4 You’ll make plenty of mistakes and may have some outright disasters too
In all honesty, photography is fraught with things that can go wrong. You could drive for hours to a location and get there to find you’ve forgotten to pack a memory card, shoot on a day that’s just a bit too windy or forget to switch the focus mode, so every image turns out blurry and accidentally erase all of your best shots. It happens to the best of us. No matter how infuriating it is, just try to laugh it off and learn for the future.
"In all honesty, photography is fraught with things that can go wrong…"
Sometimes, however, you may experience disasters like your whole camera setup falling into a lake or slipping over and breaking the optics on your lenses and filters to the point of no return. These things are a bit more tricky to laugh off and, not to mention, can be very costly to rectify, but they do happen. And if you’re more prone to these types of accidents (like I seem to be), it may be worth going a little further to cushion any potential blows by having adequate insurance for your kit.
For the record, all of the above happened to me, but I managed to get over it and am still happily shooting!
5 You’ll feel like a failure at times, but that’s OK
They’ll be times on your photography journey where you'll feel like you've failed. You could, for example, shoot for a client only to find their response isn’t what you expected, submit your work to a magazine or gallery, or enter your images to a competition only to find you don’t hear anything back. You might also lose out on the sale of your photos for some indiscriminate reason, or receive critical feedback on your shots that you weren’t asking for.
The best way to overcome these feelings of failure is to pick yourself up, take it on the chin, and if you can, try better next time. Even the most successful photographers fail - often many, many times.
Again, all of the above have happened to me, and I had many times where I felt disheartened and wanted to give it all up, but I'm so glad I didn't.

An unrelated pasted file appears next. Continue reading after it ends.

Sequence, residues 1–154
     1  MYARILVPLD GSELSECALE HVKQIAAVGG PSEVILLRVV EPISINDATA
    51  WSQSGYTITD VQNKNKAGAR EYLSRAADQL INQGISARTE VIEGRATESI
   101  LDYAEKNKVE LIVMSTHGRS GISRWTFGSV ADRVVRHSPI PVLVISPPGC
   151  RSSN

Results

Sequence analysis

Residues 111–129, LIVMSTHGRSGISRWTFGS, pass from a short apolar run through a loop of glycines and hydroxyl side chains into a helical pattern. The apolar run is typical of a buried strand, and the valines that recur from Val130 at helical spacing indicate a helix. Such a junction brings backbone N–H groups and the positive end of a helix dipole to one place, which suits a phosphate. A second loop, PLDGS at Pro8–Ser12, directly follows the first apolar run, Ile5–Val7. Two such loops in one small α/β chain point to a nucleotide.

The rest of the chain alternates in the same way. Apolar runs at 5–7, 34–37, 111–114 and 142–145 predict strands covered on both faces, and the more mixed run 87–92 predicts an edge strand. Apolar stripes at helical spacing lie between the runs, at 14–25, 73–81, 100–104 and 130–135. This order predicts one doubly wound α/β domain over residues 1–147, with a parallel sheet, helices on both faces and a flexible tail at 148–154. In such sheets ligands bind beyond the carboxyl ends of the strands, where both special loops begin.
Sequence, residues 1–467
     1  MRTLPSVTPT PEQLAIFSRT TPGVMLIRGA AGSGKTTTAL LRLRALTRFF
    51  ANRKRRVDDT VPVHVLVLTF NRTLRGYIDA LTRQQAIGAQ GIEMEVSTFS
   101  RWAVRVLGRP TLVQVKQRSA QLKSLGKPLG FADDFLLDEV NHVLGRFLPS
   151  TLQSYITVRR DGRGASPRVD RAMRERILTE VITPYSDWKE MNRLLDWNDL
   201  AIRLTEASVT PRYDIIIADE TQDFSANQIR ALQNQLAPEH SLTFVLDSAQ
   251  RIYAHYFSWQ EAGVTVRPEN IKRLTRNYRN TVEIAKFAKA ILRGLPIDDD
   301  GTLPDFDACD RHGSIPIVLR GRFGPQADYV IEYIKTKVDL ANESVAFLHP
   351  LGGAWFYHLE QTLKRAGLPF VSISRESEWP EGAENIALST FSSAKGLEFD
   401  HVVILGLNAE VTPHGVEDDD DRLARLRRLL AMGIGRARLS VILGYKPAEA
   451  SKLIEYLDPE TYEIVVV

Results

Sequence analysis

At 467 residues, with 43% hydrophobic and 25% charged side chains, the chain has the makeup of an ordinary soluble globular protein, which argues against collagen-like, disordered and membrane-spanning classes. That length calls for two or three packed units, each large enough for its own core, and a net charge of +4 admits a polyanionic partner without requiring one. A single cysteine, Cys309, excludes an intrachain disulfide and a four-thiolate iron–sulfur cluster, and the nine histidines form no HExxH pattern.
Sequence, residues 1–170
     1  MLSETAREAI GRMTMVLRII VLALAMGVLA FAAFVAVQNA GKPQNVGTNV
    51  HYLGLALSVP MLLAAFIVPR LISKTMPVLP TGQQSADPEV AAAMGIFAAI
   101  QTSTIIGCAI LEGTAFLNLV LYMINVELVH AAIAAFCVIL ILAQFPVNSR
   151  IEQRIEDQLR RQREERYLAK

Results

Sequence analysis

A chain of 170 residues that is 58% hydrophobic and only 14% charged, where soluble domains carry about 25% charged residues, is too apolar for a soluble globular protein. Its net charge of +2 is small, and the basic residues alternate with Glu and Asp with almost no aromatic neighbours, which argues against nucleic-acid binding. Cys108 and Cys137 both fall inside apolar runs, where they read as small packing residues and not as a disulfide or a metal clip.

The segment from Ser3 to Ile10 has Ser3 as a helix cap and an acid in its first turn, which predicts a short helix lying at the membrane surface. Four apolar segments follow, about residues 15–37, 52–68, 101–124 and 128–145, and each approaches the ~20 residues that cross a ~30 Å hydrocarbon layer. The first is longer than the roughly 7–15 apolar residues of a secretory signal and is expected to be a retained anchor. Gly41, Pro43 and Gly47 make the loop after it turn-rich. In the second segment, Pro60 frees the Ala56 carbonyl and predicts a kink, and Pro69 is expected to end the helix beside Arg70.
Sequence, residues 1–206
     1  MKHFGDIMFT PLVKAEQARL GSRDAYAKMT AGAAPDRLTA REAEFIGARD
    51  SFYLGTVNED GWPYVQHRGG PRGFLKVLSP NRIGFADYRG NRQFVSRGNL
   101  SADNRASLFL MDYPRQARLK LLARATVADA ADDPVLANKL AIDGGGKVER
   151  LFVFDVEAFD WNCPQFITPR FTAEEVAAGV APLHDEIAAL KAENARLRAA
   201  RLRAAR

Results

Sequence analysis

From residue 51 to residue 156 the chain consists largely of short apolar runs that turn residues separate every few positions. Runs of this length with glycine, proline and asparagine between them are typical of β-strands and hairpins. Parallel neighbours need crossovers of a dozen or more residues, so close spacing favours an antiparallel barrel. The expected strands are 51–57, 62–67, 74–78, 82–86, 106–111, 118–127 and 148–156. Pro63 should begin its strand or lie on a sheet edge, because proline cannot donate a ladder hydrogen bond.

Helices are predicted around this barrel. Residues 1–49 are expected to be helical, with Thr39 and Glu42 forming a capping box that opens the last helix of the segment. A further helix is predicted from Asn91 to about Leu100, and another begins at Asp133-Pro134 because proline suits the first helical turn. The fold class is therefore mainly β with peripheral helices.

6 There’s no end to your photography journey -you’ll be constantly developing and evolving
Photography is an art form that constantly moves and changes, and so will you. There’s never going to be a point where you are content with what you shoot and how you take images. And you'll find that there will always be something else that you can be doing or something new that you can learn to push yourself further.
With this in mind, don’t give yourself restrictions by having too many end goals for your photography, embrace the fact that it’ll be a constantly evolving process and enjoy that.
A great way to see how much you've changed is to go back through your archive of images on occasion, and you'll see just how much your photography has developed over time.
7 Over time your skills will improve and you’ll be capable of things you never thought possible
When I started in photography, I would look at the images of others–incredible travel shots along wide epic, slick, beautifully-lit landscapes–and never thought for one second that I could ever get a result like theirs.
I was wrong about that, I found first-hand that the more you practice, the more you push yourself, the more you learn, try, experiment, and importantly, the more you’re willing to try, fail and get back up again, you can achieve anything.
Below is an example of two different shots of the same subject and from the same location, but photographed years apart:
8 Not everyone will share your artistic vision
As photographers, it’s easy to get attached to our images - particularly with the way they look, the stories behind them and what they mean to us personally. While those things might be important to you, not everyone who looks at your images will understand your artistic vision as much as you. I learned this first-hand when I was studying photography at university. It doesn't necessarily mean that people don't appreciate your images; they just may look at them differently.